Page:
Effect of chemical conditioning on the milling of high-tannin sorghum

Beta, T. and Rooney, L.W. and Taylor, J.R.N. (2000) Effect of chemical conditioning on the milling of high-tannin sorghum. Journal of the Science of Food and Agriculture, 80 (15). pp. 2216-2222.

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Suitable methods are required for milling tannin-containing sorghums. Sorghum varieties SV2 (tannin-free), Chirimaugute (medium-tannin) and DC-75 (high-tannin) were milled using a simple roller mill and a multi-sample tangential abrasive decortication device. Grain was conditioned up to 20% moisture prior to milling using HCl (0.9%, v/v), formaldehyde (HCHO; 0.05%, v/v), NaOH (0.3%, w/v) and water as control. Abrasive decortication and roller milling reduced levels of the polyphenols. Polyphenol reduction was affected significantly by variety, chemical treatment and conditioning moisture (P < 0.001). NaOH and HCHO treatments gave lower polyphenol content in the meal and offal after roller milling. Enzyme inhibition (EI) by polyphenols was reduced by 52% after decortication or roller milling. Chemical treatment did not significantly affect EI levels after decortication. NaOH and HCHO treatments gave the lowest EI when Chirimaugute was roller milled at 20% moisture. The yield of product obtained after decortication was high at 12% moisture for SV2 and Chirimaugute and at 16% conditioning moisture for DC-75. Conditioning to 20% moisture prior to milling did not improve product yield. Roller milling and decortication resulted in products that were lighter in colour than the grain. Both abrasive decortication and roller milling plus NaOH and HCHO reduced tannin content of offal. It is concluded that conditioning using NaOH could be advantageous in roller milling but not in abrasive decortication of tannin-containing sorghums.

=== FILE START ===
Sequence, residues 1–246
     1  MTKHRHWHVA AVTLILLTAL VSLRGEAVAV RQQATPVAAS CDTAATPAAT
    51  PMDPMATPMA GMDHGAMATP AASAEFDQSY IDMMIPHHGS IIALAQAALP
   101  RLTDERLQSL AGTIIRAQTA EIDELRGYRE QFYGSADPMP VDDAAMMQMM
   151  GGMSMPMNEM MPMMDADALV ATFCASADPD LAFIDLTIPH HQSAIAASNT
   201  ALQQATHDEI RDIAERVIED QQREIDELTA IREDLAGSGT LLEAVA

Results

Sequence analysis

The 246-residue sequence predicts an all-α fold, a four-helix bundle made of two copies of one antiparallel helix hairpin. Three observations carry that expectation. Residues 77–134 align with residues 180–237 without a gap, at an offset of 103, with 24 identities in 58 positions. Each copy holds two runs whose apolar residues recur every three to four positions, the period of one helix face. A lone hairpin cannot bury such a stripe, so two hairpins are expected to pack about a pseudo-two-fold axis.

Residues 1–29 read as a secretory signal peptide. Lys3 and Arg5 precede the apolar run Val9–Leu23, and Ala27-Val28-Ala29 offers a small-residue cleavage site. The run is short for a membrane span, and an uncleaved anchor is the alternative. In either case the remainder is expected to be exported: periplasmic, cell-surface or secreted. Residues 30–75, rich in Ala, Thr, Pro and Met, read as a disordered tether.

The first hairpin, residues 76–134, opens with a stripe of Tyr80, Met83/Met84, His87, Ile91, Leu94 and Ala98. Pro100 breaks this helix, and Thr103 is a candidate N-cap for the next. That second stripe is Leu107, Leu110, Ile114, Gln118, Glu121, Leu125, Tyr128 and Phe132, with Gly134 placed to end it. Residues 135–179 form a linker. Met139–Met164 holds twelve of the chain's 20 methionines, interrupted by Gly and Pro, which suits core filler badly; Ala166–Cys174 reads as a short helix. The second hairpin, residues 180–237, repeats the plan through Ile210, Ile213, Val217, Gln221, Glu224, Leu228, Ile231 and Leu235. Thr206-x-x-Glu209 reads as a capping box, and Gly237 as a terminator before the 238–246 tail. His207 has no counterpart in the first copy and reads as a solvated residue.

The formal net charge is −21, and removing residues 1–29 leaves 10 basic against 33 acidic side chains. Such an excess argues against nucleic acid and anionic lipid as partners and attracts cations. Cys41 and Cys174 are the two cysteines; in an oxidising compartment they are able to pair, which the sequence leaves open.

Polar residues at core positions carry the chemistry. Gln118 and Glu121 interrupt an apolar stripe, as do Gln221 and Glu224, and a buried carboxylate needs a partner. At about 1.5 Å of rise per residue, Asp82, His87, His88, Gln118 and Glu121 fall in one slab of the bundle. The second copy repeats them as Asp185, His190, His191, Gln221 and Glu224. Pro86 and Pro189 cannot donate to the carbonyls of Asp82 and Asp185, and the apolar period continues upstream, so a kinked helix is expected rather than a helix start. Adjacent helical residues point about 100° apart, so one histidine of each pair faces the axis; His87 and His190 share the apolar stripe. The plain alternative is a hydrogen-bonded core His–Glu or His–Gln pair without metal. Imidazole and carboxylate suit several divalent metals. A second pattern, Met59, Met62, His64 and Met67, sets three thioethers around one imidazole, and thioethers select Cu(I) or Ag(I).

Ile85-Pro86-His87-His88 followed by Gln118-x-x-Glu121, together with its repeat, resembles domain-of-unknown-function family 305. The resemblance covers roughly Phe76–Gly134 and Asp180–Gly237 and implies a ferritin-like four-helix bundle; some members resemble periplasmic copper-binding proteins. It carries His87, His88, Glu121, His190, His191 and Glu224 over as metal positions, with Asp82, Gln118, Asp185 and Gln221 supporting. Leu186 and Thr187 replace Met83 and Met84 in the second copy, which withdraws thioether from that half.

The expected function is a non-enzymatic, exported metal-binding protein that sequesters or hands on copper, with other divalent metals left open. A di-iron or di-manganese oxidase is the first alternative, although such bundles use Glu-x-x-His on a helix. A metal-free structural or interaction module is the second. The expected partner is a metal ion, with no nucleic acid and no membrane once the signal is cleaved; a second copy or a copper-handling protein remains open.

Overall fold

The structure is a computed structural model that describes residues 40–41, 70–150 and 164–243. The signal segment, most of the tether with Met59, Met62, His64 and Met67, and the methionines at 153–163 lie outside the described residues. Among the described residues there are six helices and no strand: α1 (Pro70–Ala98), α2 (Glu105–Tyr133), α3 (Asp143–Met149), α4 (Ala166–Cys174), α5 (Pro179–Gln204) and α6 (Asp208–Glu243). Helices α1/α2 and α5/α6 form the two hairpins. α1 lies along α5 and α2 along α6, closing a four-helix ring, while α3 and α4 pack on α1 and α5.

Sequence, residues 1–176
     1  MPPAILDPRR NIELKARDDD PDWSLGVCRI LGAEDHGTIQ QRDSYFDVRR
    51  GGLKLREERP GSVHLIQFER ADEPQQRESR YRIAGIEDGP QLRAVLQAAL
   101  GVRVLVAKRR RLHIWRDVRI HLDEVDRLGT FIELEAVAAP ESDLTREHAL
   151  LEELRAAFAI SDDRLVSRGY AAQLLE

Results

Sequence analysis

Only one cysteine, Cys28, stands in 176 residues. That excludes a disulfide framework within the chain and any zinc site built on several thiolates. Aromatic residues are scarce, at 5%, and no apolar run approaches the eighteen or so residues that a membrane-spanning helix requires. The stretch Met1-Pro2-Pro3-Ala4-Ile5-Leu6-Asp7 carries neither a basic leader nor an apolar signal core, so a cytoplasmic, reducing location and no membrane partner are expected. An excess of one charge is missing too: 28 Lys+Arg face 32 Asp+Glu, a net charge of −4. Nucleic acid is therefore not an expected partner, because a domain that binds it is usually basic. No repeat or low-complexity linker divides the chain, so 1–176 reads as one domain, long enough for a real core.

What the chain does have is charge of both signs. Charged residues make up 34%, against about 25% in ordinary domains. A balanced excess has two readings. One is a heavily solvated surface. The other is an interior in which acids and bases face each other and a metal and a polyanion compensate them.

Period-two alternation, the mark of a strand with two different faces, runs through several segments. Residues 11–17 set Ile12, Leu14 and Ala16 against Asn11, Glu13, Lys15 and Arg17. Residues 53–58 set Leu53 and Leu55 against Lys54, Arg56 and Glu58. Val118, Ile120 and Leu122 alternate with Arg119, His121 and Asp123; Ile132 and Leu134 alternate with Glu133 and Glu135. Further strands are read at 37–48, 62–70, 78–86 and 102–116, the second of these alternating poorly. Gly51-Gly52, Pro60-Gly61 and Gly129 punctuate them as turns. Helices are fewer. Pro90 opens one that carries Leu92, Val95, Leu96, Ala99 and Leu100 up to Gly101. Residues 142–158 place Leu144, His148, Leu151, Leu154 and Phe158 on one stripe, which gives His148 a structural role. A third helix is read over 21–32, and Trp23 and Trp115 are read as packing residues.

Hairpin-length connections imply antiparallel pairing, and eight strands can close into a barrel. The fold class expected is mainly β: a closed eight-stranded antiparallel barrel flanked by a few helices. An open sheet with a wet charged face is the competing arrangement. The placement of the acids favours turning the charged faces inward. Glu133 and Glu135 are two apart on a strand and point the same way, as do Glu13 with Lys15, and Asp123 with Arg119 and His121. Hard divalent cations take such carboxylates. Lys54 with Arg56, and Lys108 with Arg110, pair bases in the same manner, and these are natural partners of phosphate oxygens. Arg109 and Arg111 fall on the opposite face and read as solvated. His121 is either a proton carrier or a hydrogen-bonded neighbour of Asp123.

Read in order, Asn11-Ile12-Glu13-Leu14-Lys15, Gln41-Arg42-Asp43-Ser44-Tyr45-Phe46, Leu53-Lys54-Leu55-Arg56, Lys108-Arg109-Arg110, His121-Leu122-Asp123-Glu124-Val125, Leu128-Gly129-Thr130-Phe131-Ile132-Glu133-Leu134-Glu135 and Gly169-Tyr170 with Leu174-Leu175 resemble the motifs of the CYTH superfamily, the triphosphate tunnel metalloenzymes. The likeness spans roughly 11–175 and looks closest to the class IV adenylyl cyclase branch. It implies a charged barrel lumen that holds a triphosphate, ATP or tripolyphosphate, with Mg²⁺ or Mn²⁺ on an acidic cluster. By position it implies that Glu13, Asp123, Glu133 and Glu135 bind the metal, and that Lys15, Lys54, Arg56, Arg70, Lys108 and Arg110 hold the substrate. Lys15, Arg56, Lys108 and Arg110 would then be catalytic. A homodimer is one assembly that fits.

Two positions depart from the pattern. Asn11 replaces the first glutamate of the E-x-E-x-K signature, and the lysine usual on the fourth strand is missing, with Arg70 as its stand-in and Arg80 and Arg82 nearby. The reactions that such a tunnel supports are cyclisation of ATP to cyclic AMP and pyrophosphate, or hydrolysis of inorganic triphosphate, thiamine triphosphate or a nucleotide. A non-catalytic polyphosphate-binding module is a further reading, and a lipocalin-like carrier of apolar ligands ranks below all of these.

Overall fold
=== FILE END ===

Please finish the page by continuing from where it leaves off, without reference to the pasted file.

Item Type: Article
Author Affiliation: Department of Food Science and Nutrition, University of Zimbabwe, PO Box MP 167, Mount Pleasant, Harare, Zimbabwe, Cereal Quality Laboratory, Department of Soil and Crop Science, Texas A&M University, College Station, TX 77843, USA, Department of Food Science, University of Pretoria, Pretoria 0002, South Africa
Subjects: Postharvest Management
Divisions: Sorghum
Depositing User: Mr. SanatKumar Behera
Date Deposited: 21 May 2012 09:22
Last Modified: 21 May 2012 09:22
Official URL: http://dx.doi.org/10.1002/1097-0010(200012)
URI: http://eprints.icrisat.ac.in/id/eprint/4032

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